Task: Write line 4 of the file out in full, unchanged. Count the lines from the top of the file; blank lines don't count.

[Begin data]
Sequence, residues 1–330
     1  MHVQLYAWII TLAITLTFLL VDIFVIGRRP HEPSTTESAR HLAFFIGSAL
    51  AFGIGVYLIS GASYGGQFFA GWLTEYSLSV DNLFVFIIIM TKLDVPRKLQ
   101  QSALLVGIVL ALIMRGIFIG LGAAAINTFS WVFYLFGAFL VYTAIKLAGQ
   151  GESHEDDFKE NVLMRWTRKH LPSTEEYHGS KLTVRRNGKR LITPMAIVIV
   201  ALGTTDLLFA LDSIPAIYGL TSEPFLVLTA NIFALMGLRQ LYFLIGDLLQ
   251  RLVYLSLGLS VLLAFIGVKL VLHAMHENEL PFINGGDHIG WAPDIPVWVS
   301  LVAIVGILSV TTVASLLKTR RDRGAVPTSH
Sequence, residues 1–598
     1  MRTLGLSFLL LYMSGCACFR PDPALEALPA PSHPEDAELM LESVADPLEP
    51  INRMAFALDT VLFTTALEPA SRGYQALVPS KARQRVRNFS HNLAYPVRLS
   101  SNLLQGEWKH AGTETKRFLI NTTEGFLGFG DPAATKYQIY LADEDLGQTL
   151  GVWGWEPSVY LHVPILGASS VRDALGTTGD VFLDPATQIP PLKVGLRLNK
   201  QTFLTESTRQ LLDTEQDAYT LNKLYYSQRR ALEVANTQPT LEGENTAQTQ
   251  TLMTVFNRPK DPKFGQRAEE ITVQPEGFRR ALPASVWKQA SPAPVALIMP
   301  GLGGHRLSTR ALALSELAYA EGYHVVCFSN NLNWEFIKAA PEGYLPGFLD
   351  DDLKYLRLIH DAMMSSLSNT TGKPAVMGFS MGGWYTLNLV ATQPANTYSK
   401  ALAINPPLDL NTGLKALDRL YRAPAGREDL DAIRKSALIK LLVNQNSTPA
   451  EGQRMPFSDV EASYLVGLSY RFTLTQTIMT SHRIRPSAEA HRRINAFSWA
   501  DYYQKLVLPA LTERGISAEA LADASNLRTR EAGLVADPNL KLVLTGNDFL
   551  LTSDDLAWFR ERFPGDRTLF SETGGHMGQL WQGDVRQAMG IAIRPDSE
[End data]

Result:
   101  QSALLVGIVL ALIMRGIFIG LGAAAINTFS WVFYLFGAFL VYTAIKLAGQ